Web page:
Before and After photos of the Art Deco Sewing Machine Cabinet

12 Comments

  • Katherine
    July 10, 2011 3:16 pm

    It looks breath-taking, Sue! Dave did a wonderful job refinishing and I love the drawer with all the spool holders. What a clever storage idea! Your 15-91 looks like a dream in her new cabinet, you’ve given her a beautiful setting. Thanks so much for sharing the journey. It’s just amazing to see what a lot of love and TLC will do for vintage treasures. I know you will be enjoying this machine and her gorgeous cabinet for years (and many, many projects) to come!

  • corina
    July 10, 2011 7:30 pm

    Wow! You are very lucky! Dave does beautiful work. He must have a lot of patience to refinish a piece like that – the sanding must have taken forever! Looking forward to see what you produce with your new setup!

  • Amy, a redeemed sheep
    July 11, 2011 10:02 am

    Its beautiful! What a treasure you have.

  • Sandra :)
    July 11, 2011 1:16 pm

    Aaaaaaaaaaaaaaaah a most gorgeous home for a most wonderful machine – plus it’s a work of art for your house … and I bet it kept hubby out of your hair for a while – that’s a bonus! 😉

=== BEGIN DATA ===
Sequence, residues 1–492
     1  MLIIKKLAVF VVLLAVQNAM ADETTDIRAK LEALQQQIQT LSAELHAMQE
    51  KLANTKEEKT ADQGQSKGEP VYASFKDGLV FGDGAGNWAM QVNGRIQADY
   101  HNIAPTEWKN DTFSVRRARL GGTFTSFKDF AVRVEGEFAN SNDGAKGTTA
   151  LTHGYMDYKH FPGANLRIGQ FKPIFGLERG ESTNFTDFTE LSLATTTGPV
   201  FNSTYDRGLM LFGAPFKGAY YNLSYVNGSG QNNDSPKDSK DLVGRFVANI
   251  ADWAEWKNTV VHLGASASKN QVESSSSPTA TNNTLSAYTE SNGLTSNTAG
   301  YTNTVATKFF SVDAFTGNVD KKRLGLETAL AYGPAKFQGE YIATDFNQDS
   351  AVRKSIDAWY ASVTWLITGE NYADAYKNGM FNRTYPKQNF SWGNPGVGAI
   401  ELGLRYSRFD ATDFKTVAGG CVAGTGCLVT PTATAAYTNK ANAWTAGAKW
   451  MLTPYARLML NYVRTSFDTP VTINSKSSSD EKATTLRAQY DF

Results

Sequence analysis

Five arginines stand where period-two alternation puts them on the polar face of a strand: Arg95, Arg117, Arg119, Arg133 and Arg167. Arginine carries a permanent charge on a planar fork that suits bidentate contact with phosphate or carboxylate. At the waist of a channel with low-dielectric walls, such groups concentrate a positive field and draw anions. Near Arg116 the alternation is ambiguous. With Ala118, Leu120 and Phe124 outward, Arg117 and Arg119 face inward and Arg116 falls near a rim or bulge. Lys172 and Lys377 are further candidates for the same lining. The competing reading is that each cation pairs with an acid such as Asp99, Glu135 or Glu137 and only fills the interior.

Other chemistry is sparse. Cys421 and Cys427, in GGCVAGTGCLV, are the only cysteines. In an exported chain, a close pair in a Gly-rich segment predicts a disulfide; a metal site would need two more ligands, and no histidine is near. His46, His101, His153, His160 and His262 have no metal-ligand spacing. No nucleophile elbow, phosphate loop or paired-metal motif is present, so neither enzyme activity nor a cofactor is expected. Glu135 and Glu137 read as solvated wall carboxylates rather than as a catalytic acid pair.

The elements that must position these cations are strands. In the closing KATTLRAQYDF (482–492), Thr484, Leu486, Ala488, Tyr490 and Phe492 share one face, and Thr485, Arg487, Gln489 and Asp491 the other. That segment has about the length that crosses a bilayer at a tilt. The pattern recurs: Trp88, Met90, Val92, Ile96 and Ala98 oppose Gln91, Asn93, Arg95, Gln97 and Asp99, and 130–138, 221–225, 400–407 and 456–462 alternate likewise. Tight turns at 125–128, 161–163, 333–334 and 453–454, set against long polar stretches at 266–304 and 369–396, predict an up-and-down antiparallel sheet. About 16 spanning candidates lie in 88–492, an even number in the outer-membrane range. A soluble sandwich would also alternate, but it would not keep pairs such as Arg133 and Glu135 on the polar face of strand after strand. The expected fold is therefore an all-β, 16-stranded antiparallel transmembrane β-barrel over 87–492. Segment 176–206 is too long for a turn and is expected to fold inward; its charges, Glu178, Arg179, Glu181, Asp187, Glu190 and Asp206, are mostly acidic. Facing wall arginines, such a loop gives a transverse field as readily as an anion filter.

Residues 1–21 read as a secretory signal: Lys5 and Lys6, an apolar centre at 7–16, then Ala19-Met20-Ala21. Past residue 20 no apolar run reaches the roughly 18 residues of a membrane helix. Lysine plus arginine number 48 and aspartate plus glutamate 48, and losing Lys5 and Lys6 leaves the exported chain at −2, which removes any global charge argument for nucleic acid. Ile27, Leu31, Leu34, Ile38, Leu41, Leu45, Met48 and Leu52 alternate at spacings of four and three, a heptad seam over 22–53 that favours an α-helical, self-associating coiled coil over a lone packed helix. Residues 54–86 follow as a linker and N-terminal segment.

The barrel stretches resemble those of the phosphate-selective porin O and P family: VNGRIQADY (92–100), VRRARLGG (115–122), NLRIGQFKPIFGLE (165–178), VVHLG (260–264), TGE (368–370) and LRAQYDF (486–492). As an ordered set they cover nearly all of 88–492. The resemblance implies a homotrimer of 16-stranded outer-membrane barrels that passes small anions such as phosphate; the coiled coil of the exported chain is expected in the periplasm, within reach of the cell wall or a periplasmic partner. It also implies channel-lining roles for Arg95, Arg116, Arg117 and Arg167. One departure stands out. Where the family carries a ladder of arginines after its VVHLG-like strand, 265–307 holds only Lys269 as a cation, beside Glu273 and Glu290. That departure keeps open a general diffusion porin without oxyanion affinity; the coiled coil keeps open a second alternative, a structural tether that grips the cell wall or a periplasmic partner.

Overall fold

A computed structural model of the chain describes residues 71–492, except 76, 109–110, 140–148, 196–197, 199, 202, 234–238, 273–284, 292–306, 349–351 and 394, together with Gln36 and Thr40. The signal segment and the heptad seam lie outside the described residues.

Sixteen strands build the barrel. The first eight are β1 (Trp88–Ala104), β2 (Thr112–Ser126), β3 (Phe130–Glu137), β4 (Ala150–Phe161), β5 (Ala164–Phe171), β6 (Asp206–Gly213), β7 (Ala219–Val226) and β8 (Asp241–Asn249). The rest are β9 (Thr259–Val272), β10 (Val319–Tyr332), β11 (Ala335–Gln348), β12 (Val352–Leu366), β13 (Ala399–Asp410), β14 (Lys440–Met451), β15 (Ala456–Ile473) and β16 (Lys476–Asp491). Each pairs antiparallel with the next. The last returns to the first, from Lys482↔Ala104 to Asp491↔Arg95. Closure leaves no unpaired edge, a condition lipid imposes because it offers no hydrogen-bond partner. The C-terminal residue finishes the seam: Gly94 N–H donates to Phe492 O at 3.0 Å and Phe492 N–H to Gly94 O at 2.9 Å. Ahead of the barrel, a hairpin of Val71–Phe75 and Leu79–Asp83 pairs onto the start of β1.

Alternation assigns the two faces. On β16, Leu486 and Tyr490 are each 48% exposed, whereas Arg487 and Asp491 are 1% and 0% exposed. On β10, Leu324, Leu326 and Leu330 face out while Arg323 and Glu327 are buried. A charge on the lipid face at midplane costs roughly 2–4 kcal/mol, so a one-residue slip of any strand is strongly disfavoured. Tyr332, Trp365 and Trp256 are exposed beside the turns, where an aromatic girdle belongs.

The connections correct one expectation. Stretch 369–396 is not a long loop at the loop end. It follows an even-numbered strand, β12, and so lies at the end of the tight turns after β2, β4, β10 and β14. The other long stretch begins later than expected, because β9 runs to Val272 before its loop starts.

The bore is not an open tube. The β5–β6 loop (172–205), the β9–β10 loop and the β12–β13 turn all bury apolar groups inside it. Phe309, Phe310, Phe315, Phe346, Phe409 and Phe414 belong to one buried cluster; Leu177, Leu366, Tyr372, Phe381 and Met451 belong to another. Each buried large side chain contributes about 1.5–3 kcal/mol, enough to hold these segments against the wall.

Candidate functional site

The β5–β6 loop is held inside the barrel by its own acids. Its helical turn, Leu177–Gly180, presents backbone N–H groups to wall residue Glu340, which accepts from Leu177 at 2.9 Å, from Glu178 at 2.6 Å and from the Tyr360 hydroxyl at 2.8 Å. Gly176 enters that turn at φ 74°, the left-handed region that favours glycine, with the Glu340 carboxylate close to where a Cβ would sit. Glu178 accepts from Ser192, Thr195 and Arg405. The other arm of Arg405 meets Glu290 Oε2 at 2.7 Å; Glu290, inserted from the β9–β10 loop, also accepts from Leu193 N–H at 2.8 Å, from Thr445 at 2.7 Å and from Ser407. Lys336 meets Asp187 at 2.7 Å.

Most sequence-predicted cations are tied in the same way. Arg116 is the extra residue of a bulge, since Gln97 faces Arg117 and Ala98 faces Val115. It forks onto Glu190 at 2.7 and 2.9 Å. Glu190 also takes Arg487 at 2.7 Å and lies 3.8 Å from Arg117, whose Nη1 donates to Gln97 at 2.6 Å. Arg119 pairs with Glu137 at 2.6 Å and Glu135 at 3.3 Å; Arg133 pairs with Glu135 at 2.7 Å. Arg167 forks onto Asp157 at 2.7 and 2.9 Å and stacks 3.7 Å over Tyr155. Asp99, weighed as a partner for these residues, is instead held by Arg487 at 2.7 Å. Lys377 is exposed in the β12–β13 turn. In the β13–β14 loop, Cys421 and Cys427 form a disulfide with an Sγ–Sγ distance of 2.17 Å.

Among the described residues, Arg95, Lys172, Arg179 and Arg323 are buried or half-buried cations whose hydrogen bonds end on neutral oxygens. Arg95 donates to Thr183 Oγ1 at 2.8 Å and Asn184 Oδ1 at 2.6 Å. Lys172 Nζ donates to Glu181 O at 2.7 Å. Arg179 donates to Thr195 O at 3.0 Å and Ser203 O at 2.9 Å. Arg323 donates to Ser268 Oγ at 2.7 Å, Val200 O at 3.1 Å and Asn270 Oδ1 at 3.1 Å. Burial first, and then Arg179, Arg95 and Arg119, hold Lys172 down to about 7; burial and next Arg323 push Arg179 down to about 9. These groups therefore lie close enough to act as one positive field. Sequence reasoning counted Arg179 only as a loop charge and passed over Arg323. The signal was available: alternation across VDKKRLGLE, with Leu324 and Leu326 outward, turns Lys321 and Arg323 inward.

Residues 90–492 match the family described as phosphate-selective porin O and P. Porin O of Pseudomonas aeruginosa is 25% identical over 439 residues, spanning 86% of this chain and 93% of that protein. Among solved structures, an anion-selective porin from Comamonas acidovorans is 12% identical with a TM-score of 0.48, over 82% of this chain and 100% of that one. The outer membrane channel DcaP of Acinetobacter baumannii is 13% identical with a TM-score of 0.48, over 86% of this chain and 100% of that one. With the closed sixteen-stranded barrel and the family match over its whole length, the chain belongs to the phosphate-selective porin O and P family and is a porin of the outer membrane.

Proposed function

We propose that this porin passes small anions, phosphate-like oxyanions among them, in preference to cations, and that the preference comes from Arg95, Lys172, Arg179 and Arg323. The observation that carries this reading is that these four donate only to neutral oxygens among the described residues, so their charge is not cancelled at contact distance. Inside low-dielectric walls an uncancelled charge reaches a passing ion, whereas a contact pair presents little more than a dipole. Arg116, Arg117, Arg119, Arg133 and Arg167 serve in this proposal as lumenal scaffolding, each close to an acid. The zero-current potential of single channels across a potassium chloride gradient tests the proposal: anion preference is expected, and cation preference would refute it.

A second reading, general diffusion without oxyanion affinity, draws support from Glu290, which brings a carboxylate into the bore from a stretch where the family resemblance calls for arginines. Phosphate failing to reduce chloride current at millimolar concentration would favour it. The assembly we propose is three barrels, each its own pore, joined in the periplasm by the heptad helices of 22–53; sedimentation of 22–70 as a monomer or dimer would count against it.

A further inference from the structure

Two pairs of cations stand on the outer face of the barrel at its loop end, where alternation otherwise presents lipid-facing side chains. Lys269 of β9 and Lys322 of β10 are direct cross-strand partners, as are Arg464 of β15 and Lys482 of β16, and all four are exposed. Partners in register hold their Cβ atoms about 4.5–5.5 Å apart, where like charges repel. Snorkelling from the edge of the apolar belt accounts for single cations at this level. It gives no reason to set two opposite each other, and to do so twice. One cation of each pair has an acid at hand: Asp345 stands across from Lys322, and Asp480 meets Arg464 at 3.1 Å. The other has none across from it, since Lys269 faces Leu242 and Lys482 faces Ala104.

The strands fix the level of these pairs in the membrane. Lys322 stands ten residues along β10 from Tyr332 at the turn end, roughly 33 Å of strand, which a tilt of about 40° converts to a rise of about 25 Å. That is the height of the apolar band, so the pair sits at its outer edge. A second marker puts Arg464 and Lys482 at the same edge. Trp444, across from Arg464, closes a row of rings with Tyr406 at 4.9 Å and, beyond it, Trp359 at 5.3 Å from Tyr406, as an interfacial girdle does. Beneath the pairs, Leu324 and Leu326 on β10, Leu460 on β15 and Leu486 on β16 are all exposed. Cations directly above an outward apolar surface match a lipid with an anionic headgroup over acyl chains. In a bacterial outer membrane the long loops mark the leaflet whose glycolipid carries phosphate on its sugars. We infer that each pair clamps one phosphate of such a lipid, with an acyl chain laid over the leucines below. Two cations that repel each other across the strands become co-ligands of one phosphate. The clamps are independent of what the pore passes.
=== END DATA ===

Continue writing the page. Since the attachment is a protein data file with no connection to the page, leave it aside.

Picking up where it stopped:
I used my 201 without a seam guide for almost a year before I smartened up and ordered a new plate – what a difference it makes having the guide, lol!

  • Home sewing machines
    July 15, 2011 3:16 am

    After 35 years of working in the sewing machine industry, i can honestly say that i’ve never seen a cabinet like that before. Its very interesting.

  • Martha
    July 15, 2011 4:41 pm

    I have the same sewing cabinet. Mine came with a Riccar (yellow & green) sewing machine. Bought it at a flea market but it didn’t come with the bench seat. I had wondered what I should be looking for to replace it. Now I know. Thanks.

  • Beverley Collins
    July 16, 2011 12:19 am